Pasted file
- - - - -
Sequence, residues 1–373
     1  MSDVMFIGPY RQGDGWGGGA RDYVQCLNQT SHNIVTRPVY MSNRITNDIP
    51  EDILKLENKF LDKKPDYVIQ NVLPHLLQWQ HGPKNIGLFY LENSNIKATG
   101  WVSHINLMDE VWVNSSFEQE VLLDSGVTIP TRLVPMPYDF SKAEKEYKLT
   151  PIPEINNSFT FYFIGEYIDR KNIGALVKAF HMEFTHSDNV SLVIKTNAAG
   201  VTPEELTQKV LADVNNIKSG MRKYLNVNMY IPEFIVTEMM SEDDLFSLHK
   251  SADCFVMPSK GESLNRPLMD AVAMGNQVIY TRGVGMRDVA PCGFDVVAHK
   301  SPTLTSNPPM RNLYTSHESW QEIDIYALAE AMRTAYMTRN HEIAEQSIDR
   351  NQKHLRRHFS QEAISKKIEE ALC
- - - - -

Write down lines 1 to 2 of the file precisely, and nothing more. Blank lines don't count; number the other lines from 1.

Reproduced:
Sequence, residues 1–373
     1  MSDVMFIGPY RQGDGWGGGA RDYVQCLNQT SHNIVTRPVY MSNRITNDIP